|Part of the Politics series on|
In the United States, the term status offense also refers to an offense such as a traffic violation where motive is not a consideration in determining guilt. In the United Kingdom and Europe, this type of status offense may be termed a regulatory offense.
Definitions of status offense vary. A neutral definition may be "[a] type of crime that is not based upon prohibited action or inaction but rests on the fact that the offender has a certain personal condition or is of a specified character." The Federal Sentencing Guidelines states that a juvenile status offense is a crime which cannot be committed by an adult. For example, possession of a firearm by a minor, by definition, cannot be done by an adult. In some states the term "status offense" does not apply to adults at all; according to Wyoming law, status offenses can be committed only by people under 18 years of age.
Juvenile status offenders are distinguished from juvenile delinquent offenders in that status offenders have not committed an act that would be considered a crime if it were committed by an adult, whereas delinquent youths have committed such an act.
Status offenses may include consumption of alcohol, truancy, and running away from home. These acts may be illegal for persons under a certain age, while remaining legal for all others, which makes them status offenses.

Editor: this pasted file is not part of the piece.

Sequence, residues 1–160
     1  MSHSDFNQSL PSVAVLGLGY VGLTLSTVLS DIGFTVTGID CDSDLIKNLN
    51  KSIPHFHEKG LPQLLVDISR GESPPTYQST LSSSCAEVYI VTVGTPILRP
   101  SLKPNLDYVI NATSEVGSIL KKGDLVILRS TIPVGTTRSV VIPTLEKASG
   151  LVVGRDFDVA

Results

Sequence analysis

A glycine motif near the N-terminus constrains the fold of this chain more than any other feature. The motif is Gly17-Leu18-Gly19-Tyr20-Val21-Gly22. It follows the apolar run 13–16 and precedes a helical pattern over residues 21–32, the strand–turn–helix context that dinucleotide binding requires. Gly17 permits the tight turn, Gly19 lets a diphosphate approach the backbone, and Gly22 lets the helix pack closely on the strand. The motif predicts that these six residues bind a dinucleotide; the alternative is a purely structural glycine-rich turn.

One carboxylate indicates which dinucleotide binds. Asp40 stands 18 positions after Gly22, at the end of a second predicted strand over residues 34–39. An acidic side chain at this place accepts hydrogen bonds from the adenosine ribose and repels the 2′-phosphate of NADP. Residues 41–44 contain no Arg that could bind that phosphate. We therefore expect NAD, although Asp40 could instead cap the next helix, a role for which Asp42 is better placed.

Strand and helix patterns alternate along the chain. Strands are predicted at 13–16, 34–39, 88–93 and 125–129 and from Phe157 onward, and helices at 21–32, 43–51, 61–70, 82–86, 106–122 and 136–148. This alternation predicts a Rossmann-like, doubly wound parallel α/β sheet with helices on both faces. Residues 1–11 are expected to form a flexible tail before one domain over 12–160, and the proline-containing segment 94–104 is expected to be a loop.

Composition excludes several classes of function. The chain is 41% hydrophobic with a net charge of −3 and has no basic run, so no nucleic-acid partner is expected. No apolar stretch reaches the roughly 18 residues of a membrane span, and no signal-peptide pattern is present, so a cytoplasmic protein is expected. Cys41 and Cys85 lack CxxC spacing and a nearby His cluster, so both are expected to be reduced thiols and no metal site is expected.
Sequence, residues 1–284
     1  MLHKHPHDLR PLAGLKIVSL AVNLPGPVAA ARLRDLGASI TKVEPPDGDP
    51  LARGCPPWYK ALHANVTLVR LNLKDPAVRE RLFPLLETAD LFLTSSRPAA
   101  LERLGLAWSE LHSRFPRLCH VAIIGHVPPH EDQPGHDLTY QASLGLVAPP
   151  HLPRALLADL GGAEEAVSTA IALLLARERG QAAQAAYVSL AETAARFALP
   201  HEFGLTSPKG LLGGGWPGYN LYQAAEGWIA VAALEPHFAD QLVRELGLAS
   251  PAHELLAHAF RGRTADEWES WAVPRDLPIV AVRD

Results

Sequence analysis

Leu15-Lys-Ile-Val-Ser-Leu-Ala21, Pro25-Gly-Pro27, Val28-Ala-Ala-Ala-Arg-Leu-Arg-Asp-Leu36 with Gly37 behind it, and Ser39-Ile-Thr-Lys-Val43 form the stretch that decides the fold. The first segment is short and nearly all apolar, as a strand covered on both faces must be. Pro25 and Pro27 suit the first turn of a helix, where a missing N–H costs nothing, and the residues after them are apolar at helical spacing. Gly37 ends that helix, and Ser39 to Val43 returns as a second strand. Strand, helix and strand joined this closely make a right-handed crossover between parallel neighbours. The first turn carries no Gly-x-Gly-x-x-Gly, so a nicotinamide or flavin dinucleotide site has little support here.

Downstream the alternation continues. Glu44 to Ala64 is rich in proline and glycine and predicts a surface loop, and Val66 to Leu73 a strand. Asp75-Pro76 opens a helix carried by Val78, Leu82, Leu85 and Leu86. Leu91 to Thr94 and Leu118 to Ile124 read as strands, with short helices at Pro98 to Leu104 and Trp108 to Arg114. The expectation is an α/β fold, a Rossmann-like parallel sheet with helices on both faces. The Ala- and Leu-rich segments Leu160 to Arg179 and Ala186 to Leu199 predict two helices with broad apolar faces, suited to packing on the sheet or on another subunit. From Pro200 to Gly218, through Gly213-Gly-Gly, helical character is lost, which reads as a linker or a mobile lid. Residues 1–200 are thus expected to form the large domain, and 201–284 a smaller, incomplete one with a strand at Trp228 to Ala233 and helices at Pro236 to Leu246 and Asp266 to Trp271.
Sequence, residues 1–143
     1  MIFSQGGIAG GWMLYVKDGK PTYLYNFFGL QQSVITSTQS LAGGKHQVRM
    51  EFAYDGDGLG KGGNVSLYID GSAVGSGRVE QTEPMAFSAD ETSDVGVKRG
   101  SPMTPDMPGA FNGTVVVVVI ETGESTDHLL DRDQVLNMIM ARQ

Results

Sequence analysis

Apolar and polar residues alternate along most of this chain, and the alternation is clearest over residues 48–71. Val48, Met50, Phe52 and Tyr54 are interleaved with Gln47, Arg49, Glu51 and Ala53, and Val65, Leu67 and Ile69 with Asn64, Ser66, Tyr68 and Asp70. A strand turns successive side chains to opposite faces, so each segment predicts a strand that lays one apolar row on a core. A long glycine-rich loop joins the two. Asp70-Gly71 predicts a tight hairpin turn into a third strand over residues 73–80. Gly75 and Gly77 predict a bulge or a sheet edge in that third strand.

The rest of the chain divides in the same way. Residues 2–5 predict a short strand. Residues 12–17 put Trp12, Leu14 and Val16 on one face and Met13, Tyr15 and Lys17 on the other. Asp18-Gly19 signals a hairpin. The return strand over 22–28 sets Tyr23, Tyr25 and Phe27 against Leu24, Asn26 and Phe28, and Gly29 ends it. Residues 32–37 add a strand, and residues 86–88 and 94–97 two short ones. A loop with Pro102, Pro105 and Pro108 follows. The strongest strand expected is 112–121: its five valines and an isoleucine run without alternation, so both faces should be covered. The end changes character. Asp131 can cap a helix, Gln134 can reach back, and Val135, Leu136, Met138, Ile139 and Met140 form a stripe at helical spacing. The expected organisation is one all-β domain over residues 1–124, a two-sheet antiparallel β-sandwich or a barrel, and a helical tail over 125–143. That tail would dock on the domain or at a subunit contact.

Laws that prohibit certain actions to certain persons based on their sex, race, nationality, religion, etc., are also status offenses. A law that prohibits men from using public toilets intended for women, as well as a law that sets a curfew for people below a certain age, are examples of status offenses.
Status offenses from the past that are no longer operative include:
- The Nuremberg Laws (Germany, 1935-1945) banned sexual relations between Jews and non-Jewish Germans.
- Various laws in the United States prohibited marriage (and, in some cases, sexual relations) between white people and African-Americans (and, in some cases, Asians and Native Americans). These were enacted at the state level; some states had anti-miscegenation laws and some did not. The first of these laws was enacted in 1691 in Virginia and the last were voided in 1967 in the Loving v. Virginia case.
- South Africa's Prohibition of Mixed Marriages Act (1949-1985) prohibited sexual relations (as well as marriages) between people of different races.
- Various other places, at other times, have promulgated anti-miscegenation laws prohibiting sexual relations between members of specified different races.